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5 accounting mistakes small businesses make (and how to avoid them)

5 accounting mistakes small businesses make (and how to avoid them)

Every business wants to make sure they are utilizing the resources and business processes they have implemented to the fullest extent. Nobody wants to lose money. Everyone wants to make sure that everything that they do, be it hiring a new member of staff, or relocating, contributes to more stability in profits. That’s why it’s so important to review different aspects of business processes from time to time to make sure they correspond with your grander mission. Today we wanted to look at accounting in greater detail to see what mistakes small businesses often make and how they can be avoided.

Weaknesses are something that every business has, no matter how successful they are, and every single company has certain sides of doing things where they are losing money. If we look at statistical data we see that a lot of losses that occur can be traced back to accounting. For example, according to a report by Clutch surveying 302 different businesses, 95% of small businesses are confident in the accuracy of their financial statements, but 30% of business owners also believe that they are overpaying taxes. Here we see that there is definitely a potential for improvement, as filing taxes and getting tax returns are very much connected to accuracy, and is something that contributes to businesses experiencing unnecessary losses

The same report has also found that a staggering 27% of businesses do not have a separate business account, which is crucial for proper reconciliation of accounts and can prevent businesses from being able to track and record thousands of dollars in business-related expenses. 23% of businesses see mixing business and personal finances as their second-biggest financial challenge, second only to unforeseen costs. Other aspects such as account reconciliation and expense categorization lead to many costs down the line, as without it, it is very difficult to be able to see the actual health of the company and follow its real net profit

While there can be many sides to how mistakes in accounting can hamper business growth, today we will look at the following five:

Data entry errors

Let’s begin with what may seem as obvious, yet this still is a very commonplace occurrence – manual data entry inevitably leads to errors. With a multitude of professional accounting software, no one should really be tracking financial records by hand anymore, as according to a report from global analyst IDC, an estimated cost of human error in the US and UK is about $385 per employee per year or $22 billion dollars for each economy.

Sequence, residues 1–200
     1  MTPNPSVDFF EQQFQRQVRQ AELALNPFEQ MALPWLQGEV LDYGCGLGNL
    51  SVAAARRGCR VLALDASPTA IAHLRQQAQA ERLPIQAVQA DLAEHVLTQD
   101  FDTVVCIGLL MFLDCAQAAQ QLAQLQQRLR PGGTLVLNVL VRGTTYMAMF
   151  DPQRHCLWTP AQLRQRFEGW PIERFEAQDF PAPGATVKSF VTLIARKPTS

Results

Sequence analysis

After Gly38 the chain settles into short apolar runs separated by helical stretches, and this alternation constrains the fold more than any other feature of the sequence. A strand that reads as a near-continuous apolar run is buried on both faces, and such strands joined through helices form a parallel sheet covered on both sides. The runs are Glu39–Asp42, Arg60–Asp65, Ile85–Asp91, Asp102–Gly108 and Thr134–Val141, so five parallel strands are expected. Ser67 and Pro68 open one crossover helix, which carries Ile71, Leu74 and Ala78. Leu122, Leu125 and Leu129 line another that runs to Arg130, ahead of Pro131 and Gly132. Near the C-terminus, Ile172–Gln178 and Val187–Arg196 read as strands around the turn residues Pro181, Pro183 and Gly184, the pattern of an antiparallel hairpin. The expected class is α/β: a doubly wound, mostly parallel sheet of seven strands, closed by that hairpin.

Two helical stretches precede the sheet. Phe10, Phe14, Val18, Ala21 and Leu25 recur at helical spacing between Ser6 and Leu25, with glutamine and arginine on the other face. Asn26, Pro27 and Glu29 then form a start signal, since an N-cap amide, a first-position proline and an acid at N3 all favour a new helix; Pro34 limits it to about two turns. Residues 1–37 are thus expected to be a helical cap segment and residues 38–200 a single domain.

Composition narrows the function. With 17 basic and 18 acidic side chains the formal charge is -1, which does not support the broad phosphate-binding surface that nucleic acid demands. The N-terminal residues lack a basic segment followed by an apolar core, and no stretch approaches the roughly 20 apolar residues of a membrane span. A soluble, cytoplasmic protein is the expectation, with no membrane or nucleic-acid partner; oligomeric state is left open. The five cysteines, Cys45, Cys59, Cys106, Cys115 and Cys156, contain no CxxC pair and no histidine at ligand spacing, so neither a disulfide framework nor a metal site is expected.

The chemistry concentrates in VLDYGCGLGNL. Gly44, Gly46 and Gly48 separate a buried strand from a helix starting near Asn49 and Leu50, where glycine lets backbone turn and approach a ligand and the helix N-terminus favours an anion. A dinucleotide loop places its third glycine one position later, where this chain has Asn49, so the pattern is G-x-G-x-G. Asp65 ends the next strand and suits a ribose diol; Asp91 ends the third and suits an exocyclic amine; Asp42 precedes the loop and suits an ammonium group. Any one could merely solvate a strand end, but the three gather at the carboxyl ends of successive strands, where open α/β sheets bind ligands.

Another issue connected to errors in data entry is forgetting to record small transactions. Especially in retail, it’s quite easy to start thinking of petty cash business transactions as unimportant, but in reality it is crucial for a business to have a complete picture of their income and spending.

Employing a combination of software that allows you to seamlessly track your income and expenses in one place (for example using QuickBooks and professional apps from Intuit Appstore), will allow you to automate the absolute majority of the data entering process, ruling out the mistakes while leaving you in full control of your business performance. 

Failing to categorize income and expenses

When business owners come across the concept of categorization, they might not immediately intuit the worth that’s hidden in the practice of proper categorization. When we talk about optimization or growth, many times business owners look at it from a larger perspective, taking into account things such as market climate, supply and demand, and other factors. But experienced businesses working with an accountant will know that so much can come from implementing a practice of income and expense categorization. One of the most important reasons to categorize is that it helps to maximize profitability. Without knowing how much money you earn right next to how much is being spent, you will not be able to see the actual profit, and will mistake profit for actual cash flow. You might have a picture of how much money is being spent, but by breaking it down, you are actually able to see where there is a potential to cut expenses. 

Another large factor is tax preparation. The IRS asks you to categorize your expenses, because some qualify for full deduction, and others may only net a partial deduction. Proper categorization allows you to make sure nothing important is left unclaimed. So, as you see, sooner or later you will have to categorize, and by not doing it as a regular business habit, you will have to pay for it either with your own time or by hiring someone unfamiliar to your practice to do it last minute, doubling your work. 

According to Unit4, 17 percent of US businesses regularly don’t expense all they could, while the percentage is even higher in Canada, at 23 percent, which results in $10.7 billion in unclaimed expenses.

Not delegating enough

As we’ve mentioned before, using accounting software allows you to outrule the factor of human error in manual data entry. But even if you yourself, as a business owner, excel in utilizing technology, it could be a good idea to hire a bookkeeper or an accountant. A useful practice can be to ask a professional to recommend you good software or help you in your first tax preparation after you’ve started using software. Automating and delegating administrative tasks that do not require your input and do not add a clear value to your company can be an advantage.